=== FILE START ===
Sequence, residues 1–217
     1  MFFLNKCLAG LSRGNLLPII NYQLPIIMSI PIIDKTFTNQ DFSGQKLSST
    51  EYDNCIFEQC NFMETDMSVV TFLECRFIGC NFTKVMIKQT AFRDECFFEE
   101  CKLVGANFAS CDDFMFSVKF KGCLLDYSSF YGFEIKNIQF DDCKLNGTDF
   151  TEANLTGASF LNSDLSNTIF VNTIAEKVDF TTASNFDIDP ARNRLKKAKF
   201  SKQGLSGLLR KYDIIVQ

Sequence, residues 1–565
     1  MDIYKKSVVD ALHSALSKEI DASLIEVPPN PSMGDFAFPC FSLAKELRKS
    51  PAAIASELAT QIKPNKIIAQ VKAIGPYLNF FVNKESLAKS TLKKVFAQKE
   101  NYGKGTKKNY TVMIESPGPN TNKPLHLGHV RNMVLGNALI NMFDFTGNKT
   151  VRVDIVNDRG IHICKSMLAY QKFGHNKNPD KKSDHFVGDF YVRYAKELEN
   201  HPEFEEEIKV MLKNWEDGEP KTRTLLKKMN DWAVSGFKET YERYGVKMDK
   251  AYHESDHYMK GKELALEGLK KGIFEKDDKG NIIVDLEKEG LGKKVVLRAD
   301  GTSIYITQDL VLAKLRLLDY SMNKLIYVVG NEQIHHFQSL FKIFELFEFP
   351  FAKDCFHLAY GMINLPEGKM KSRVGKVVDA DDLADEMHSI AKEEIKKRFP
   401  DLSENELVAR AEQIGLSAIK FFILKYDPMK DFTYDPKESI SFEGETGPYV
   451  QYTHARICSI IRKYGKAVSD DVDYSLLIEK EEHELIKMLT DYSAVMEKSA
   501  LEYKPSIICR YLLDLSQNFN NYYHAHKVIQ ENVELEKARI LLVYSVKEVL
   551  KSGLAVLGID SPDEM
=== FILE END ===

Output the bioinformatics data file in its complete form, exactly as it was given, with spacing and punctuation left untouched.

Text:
Sequence, residues 1–217
     1  MFFLNKCLAG LSRGNLLPII NYQLPIIMSI PIIDKTFTNQ DFSGQKLSST
    51  EYDNCIFEQC NFMETDMSVV TFLECRFIGC NFTKVMIKQT AFRDECFFEE
   101  CKLVGANFAS CDDFMFSVKF KGCLLDYSSF YGFEIKNIQF DDCKLNGTDF
   151  TEANLTGASF LNSDLSNTIF VNTIAEKVDF TTASNFDIDP ARNRLKKAKF
   201  SKQGLSGLLR KYDIIVQ

Sequence, residues 1–565
     1  MDIYKKSVVD ALHSALSKEI DASLIEVPPN PSMGDFAFPC FSLAKELRKS
    51  PAAIASELAT QIKPNKIIAQ VKAIGPYLNF FVNKESLAKS TLKKVFAQKE
   101  NYGKGTKKNY TVMIESPGPN TNKPLHLGHV RNMVLGNALI NMFDFTGNKT
   151  VRVDIVNDRG IHICKSMLAY QKFGHNKNPD KKSDHFVGDF YVRYAKELEN
   201  HPEFEEEIKV MLKNWEDGEP KTRTLLKKMN DWAVSGFKET YERYGVKMDK
   251  AYHESDHYMK GKELALEGLK KGIFEKDDKG NIIVDLEKEG LGKKVVLRAD
   301  GTSIYITQDL VLAKLRLLDY SMNKLIYVVG NEQIHHFQSL FKIFELFEFP
   351  FAKDCFHLAY GMINLPEGKM KSRVGKVVDA DDLADEMHSI AKEEIKKRFP
   401  DLSENELVAR AEQIGLSAIK FFILKYDPMK DFTYDPKESI SFEGETGPYV
   451  QYTHARICSI IRKYGKAVSD DVDYSLLIEK EEHELIKMLT DYSAVMEKSA
   501  LEYKPSIICR YLLDLSQNFN NYYHAHKVIQ ENVELEKARI LLVYSVKEVL
   551  KSGLAVLGID SPDEM